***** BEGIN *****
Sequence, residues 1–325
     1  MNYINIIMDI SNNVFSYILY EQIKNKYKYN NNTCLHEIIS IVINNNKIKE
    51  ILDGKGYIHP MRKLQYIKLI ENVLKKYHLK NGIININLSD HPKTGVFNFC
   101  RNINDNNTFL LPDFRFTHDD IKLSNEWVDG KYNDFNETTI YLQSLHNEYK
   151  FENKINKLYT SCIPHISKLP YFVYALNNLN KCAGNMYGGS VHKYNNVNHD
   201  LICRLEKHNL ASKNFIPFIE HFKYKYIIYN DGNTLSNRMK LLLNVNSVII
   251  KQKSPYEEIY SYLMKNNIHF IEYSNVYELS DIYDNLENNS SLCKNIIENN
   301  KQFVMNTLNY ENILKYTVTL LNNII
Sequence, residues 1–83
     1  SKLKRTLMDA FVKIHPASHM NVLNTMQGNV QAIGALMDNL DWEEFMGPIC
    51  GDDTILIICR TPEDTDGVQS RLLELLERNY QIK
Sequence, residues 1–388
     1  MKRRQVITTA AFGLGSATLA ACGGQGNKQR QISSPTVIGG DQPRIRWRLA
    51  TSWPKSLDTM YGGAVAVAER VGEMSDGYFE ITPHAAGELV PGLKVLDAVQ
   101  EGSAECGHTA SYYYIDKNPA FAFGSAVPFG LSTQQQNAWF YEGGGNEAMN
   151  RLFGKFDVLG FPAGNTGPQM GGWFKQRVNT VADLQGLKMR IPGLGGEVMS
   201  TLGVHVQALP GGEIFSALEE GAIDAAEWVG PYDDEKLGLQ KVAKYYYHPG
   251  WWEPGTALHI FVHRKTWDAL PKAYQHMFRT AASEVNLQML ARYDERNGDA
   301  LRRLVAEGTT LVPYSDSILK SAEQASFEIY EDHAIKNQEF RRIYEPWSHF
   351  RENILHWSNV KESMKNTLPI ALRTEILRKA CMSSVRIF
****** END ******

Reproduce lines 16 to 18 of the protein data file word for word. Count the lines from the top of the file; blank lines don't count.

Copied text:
   151  RLFGKFDVLG FPAGNTGPQM GGWFKQRVNT VADLQGLKMR IPGLGGEVMS
   201  TLGVHVQALP GGEIFSALEE GAIDAAEWVG PYDDEKLGLQ KVAKYYYHPG
   251  WWEPGTALHI FVHRKTWDAL PKAYQHMFRT AASEVNLQML ARYDERNGDA